Brian: Yes; so Ann, was there a time where it felt like, man, Dave was just clueless? I know we might be throwing Dave under the bus. I will say we talked to him yesterday; he’s like, “Tell all these stories; they’re in the book.” So we’re not sharing anything, and you’re not going to be sharing anything, that has not already been vetted by Dave, which is very important for couples when they share stories: “Always get permission.”
Brian: But Ann, was there a time where it felt like, man, he was just clueless as to where trust had been broken? How did that develop in your story?
Ann: You guys really are describing our marriage/our lives. Shaunti, I would agree with you; I think that guys—when their wife is crying out, or complaining, or saying, “We need to fix this,”—they need to perk up their ears, because it’s serious.
It was really—and I’m sure some listeners have heard this story—but it was our ten-year anniversary. I thought we were doing terrible. Dave was gone all the time; he was traveling with the Detroit Lions, because he was their chaplain. We had two little boys: a four- and a two-year-old. We had always been doing ministry together and, suddenly, he’s just gone all the time.
We were also starting a new church, and so he’s at meetings; he’s kind of helping start this whole thing, which was a dream come true for both of us. But I also felt like: “You’re leaving us in the dust. Our boys don’t know you anymore—I feel like.” I was saying those things to him—like, “Dave, we need you.” He’s like, “I know, but this is so important,” and he was gone all the time.
I started out so angry and I would yell; but I found that, after a while, I stopped yelling; and I started becoming really bitter. Then my bitterness turned to resentment; then my resentment turned to numbness, and I didn’t even care.
Here’s the thing you guys—he thought we were doing great—exactly what you said, Shaunti—he thought we were like at a 10 [on a scale of 1-10]. I’m like, “We’re a .5; are you kidding me?"
Shaunti: But another example of that is—this has actually happened to a friend of mine; they went through some financial hardship. They lost their home and had to move back in with his mother. The problem was that he didn't realize—and I totally believe he didn’t kind of get this—he didn’t realize that, from that moment on, he kind of started prioritizing his mother rather than his wife.
Literally, I was asking her if—I was giving her a gift of some kind; and she was like, “Oh I don’t have any place to put this; because we’re in the guest room in his mom’s house.” I’m like, “Well, maybe she can just store it in the storage room.” She’s like, “Well, I don’t really have any status to ask that.” I thought, “Oh.” That’s a signal that he’s—all of these ways, he’s prioritizing his mom over his wife and not standing up for his wife.
Now, that’s an extreme example: you’re living with your in-laws. However, think through; there may be things like that, where you, as a husband, don’t realize maybe you are sort of not standing up for your wife with a difficult situation with your parents or not protecting her in that way. That could also be broken trust.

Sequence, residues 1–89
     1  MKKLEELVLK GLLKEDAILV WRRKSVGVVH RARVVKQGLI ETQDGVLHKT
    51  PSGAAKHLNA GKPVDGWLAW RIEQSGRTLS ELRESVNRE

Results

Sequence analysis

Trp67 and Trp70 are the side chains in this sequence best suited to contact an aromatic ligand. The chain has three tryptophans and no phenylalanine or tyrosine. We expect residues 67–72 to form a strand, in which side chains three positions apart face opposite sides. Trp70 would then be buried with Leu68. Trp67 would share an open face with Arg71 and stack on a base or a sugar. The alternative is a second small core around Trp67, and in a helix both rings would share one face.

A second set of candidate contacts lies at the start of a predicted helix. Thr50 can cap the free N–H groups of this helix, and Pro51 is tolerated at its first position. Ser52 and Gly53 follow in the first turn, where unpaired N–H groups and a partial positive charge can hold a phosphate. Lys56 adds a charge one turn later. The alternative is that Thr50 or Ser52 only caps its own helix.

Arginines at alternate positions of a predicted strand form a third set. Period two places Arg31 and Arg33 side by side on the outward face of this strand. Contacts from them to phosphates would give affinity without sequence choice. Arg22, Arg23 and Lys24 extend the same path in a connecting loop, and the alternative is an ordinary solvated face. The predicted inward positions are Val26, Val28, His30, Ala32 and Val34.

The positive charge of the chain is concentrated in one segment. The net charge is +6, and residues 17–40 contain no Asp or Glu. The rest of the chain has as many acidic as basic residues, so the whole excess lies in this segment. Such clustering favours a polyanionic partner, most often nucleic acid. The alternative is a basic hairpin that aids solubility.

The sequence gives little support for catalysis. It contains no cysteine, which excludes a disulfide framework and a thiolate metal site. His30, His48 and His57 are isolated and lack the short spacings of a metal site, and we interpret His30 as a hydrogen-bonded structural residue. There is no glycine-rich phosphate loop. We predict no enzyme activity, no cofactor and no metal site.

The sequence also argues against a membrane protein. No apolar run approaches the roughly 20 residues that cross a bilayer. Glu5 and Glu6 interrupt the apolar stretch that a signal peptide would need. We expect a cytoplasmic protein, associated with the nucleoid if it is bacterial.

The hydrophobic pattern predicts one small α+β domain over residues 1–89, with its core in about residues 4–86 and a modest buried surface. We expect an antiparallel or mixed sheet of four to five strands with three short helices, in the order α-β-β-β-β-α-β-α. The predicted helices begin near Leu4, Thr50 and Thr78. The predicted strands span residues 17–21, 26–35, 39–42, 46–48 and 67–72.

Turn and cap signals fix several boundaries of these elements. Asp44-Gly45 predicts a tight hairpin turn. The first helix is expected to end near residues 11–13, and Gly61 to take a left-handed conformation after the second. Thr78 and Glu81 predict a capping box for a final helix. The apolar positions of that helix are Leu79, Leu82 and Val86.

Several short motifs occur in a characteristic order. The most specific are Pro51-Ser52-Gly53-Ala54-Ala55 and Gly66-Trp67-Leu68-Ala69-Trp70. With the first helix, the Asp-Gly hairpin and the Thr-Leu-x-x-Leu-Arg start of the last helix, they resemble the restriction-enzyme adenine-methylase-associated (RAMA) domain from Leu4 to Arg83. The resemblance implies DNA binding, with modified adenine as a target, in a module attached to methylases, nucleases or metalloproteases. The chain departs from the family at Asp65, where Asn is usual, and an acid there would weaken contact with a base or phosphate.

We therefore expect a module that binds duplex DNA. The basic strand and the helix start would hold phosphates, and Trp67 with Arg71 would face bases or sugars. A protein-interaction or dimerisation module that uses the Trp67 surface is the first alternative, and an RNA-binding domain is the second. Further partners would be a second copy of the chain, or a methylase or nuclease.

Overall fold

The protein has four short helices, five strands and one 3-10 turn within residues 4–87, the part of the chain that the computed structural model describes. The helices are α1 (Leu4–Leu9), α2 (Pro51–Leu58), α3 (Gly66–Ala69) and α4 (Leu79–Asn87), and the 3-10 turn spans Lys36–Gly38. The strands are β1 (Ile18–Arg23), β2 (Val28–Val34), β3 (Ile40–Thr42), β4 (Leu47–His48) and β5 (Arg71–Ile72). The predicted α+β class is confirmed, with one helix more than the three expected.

Brian: Yes; I almost wanted to give the guys something to go: “Hey, here are the five or six things that are broken trust issues that we may not be thinking about.” Like I’m hearing you say: “Prioritizing mom over the wife.” Ann, I’m hearing you say: “I just don’t feel like you’re cherishing my heart. You’re cherishing/you’re valuing something more than my heart.”
What are some other things? Again, we know about porn; we know about affairs—we’ll get to that later—but what are some other ways, where you go: “This is a signal of broken trust in that arena of my relationship”?—that a guy might not be thinking about.
Shaunti: The thing that occurred to me immediately when you said that Brian is, to some degree: “How you handle the kids.” Women and men tend to have, sometimes, very different ways of handling the kids. Sometimes, a wife can feel your way of handling the kids is too harsh. That doesn’t mean that you change everything you are as adad; dads and moms just handle things differently. But if she is consistently worried about that, in her mind, if you’re hurting her children, you’re hurting her and breaking some trust there.
Bob: Well, that's an excerpt from the Married with Benefits podcast—Brian Goins, Shaunti Feldhahn, and their special guest, Ann Wilson—talking about the issue of trust in marriage. You know, we don't necessarily recognize how critical it is to maintain trust in a marriage relationship. When trust is broken, it's like there is a big crack in the foundation of your marriage; and that's hard to rebuild.
Dave: I think it's one of the most important building blocks—you know, obviously, we've heard that today—but you're right, Bob; if it's been broken—and it can be broken in a second—and it takes days, months, years to rebuild trust. It's essential to do it.
Ann: Yes; we have to be really intentional of working on that to build the trust back, and it's not easy.
Bob: We're listening here to just excerpts from the complete episode of Married with Benefits—this subject of : “Why doesn't my wife trust me?” The whole season is about questions every husband is asking. I'd just point you to our website—FamilyLifeToday.com—if you want to listen to the entire episode. If you'd like to subscribe to the podcast and listen to all the episodes, you can; information about this and other podcasts available here, from us, at FamilyLife. Go to FamilyLifeToday.com and the information is available there.